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Products>Philippians (Exegetical Guide to the Greek New Testament | EGGNT)

Philippians (Exegetical Guide to the Greek New Testament | EGGNT)

, 2015
ISBN: 9781430073987
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The Exegetical Guide to the Greek New Testament (EGGNT) closes the gap between the Greek text and the available lexical and grammatical tools, providing all the necessary information for greater understanding of the text. The series makes interpreting any given New Testament book easier, especially for those who are hard pressed for time but want to preach or teach with accuracy and authority. Each volume begins with a brief introduction to the particular New Testament book, a basic outline, and a list of recommended commentaries. The body is devoted to paragraph-by-paragraph exegesis of the Greek text and includes homiletical helps and suggestions for further study. A comprehensive exegetical outline of the New Testament book completes each EGGNT volume.

Top Highlights

“The application of the word group is hardly limited, however, to those in a position to dispense favors, e.g., ‘Let us test him with insult and torture, so that we may find out how gentle he is (τὴν ἐπιείκειαν αὐτοῦ), and make trial of his forbearance’ (Wisdom 2:19; cf. Titus 3:2). It is preferable to see Paul commanding the Philippians to exhibit ἐπιεικές from a position of relative weakness vis-à-vis Roman opposition to the Christians in the colony (‘forbearance’ [RSV; H. Giesen, EDNT 2.26d]; ‘spirit of forbearance’ [BDAG 371c]; ‘gentle forbearance’ [Fee 406]; ‘patient steadfastness’ [O’Brien 487]; Reumann 613; Ragner Leivestad, ‘ ‘The Meekness and Gentleness of Christ’ II Cor. X.1,’ NTS 13 [1965–66]: 158).” (Page 237)

“we learn about Paul’s circumstances only in passing,” (Page 41)

“Father’ is never used in the OT of God’s relationship with all of humankind (Reumann 70). Jesus’ use of Father, addressing God with the intimate, filial term Abba, was likely a significant factor for early Christian use (cf. Rom 8:15; Gal 4:6).” (Page 14)

“God’ (cf. πρὸς τὸν θεόν [Rom 5:1]) but peace ‘from God’ (ἀπὸ θεοῦ), though the distinction must be qualified, since one cannot experience the latter apart from the former. God’s peace, moreover, is associated by Paul with relational concord among God’s people so that the Gk. sense of εἰρήνη remains on the horizon, as well (cf. Eph 2:14–18; Col 3:13b; Fee 71 n. 62).” (Pages 13–14)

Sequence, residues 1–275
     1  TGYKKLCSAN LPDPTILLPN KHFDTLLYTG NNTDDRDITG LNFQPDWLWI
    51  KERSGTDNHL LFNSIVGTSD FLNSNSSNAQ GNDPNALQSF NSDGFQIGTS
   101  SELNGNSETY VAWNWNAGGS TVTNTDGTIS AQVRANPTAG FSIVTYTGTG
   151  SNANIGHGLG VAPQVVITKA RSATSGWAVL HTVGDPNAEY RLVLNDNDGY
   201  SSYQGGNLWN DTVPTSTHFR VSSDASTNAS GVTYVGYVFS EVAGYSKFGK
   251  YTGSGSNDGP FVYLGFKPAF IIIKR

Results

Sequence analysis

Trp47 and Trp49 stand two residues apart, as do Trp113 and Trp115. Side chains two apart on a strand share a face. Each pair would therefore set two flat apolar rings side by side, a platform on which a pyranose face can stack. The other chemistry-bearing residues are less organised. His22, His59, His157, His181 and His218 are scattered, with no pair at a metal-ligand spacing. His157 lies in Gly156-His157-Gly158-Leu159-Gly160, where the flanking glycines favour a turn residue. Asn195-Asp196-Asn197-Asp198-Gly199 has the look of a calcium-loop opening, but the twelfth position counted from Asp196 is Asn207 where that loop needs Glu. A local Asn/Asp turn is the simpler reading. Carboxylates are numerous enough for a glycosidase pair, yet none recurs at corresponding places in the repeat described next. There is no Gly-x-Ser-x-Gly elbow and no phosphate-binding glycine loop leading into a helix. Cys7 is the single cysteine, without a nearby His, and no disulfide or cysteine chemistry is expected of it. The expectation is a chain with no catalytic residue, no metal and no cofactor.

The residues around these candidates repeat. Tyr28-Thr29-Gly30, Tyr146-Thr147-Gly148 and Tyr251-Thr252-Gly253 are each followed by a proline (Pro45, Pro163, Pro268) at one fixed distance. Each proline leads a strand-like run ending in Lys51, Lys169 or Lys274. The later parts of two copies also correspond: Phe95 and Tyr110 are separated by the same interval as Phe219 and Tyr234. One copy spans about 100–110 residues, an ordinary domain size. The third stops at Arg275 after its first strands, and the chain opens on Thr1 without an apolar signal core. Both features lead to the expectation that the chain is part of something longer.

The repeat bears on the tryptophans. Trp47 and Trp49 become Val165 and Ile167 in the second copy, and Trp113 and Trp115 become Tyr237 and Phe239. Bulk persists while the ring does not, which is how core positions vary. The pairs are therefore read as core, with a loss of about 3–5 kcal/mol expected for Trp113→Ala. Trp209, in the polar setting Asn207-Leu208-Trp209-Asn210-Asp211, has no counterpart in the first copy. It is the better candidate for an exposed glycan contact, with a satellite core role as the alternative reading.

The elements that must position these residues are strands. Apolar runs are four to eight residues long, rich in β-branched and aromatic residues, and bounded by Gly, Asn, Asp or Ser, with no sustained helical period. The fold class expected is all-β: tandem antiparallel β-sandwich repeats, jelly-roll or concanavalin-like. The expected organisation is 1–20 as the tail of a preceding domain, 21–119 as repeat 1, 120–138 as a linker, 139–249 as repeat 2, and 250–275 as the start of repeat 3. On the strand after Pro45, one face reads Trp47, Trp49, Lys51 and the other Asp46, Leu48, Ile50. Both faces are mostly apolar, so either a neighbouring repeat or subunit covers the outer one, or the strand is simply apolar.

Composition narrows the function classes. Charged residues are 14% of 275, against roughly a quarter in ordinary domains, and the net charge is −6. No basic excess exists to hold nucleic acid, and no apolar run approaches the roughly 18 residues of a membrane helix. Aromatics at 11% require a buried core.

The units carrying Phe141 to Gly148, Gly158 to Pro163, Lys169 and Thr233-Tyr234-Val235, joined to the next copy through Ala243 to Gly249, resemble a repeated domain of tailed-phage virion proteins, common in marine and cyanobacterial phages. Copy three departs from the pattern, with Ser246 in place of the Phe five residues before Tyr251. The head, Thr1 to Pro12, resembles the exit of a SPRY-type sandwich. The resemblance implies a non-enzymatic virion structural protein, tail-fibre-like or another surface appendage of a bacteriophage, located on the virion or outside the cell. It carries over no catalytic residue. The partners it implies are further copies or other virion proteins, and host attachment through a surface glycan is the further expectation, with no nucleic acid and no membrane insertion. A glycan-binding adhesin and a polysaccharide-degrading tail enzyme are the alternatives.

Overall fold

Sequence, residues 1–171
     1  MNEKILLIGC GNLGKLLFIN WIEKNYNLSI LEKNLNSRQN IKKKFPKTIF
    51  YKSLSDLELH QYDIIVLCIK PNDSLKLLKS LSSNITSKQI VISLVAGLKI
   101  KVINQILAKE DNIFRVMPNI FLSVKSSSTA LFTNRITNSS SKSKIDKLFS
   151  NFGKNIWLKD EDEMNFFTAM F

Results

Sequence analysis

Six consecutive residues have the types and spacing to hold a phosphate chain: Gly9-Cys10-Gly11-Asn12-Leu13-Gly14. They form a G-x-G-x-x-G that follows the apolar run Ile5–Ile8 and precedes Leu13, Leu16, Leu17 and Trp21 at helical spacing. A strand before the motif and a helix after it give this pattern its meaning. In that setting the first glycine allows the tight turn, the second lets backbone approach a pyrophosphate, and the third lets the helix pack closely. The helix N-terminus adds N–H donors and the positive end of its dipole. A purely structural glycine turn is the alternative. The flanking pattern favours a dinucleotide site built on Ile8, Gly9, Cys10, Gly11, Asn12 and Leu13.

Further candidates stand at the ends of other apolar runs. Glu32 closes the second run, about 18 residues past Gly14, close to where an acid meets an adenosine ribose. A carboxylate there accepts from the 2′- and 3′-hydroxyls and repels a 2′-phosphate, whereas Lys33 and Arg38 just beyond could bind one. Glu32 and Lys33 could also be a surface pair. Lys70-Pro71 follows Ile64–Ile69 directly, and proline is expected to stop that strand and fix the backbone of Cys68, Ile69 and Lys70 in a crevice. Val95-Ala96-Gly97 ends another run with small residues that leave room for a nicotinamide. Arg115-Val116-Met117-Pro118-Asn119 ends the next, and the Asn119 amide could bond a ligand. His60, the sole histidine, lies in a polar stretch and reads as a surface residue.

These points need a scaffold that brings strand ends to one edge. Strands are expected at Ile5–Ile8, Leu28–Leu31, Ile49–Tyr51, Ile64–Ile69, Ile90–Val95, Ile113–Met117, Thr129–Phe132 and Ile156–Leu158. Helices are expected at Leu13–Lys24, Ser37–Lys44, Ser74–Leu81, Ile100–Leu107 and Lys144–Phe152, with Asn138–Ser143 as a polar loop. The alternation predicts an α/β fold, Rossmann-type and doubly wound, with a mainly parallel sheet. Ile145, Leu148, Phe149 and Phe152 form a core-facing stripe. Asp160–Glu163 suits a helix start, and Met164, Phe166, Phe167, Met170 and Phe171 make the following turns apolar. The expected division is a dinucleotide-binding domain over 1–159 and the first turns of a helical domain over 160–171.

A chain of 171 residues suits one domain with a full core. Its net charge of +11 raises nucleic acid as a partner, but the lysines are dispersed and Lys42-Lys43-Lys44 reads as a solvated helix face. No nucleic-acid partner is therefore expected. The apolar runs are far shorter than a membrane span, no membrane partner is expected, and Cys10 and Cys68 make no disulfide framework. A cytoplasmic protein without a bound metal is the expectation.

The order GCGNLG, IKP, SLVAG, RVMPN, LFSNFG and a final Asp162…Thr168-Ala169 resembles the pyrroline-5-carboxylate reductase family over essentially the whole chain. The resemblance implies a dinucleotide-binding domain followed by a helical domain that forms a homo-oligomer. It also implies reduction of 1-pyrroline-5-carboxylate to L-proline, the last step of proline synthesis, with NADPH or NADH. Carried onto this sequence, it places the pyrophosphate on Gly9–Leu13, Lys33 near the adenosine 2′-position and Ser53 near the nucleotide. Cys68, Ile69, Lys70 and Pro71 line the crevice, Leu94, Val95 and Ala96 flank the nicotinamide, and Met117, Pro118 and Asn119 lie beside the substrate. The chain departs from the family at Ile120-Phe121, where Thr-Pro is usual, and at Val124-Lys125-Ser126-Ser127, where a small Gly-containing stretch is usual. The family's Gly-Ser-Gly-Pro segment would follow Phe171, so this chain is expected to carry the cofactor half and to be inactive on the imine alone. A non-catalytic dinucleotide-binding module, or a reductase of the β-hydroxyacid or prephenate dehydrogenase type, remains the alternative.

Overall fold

“The parallel bears witness to ‘the exalted place Christ occupied in Paul’s thought” (Page 14)

  • Title: Philippians
  • Author: Joseph H. Hellerman
  • Series: Exegetical Guide to the Greek New Testament
  • Publisher: B&H
  • Print Publication Date: 2015
  • Logos Release Date: 2020
  • Pages: 297
  • Era: era:contemporary
  • Language: English
  • Resources: 1
  • Format: Digital › Logos Research Edition
  • Subjects: Bible. N.T. Philippians › Commentaries; Bible. N.T. Philippians › Study; Bible › Criticism
  • ISBNs: 9781430073987, 9781433676864, 1433676869, 1430073985
  • Resource ID: LLS:WS_1BD3F81B08164453ACD340D8C5067DEF
  • Resource Type: Bible Commentary
  • Metadata Last Updated: 2023-10-09T17:56:32Z

Joseph H. Hellerman is a social historian with a PhD from UCLA and seminary training at Talbot Seminary. Hellerman also co-pastors a church near his home in California. His other publications include The Ancient Church as FamilyReconstructing Honor in Roman Philippi, and Jesus and the People of God: Reconfiguring Ethnic Identity.


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  1. Forrest Cole

    Forrest Cole



Digital list price: $29.99
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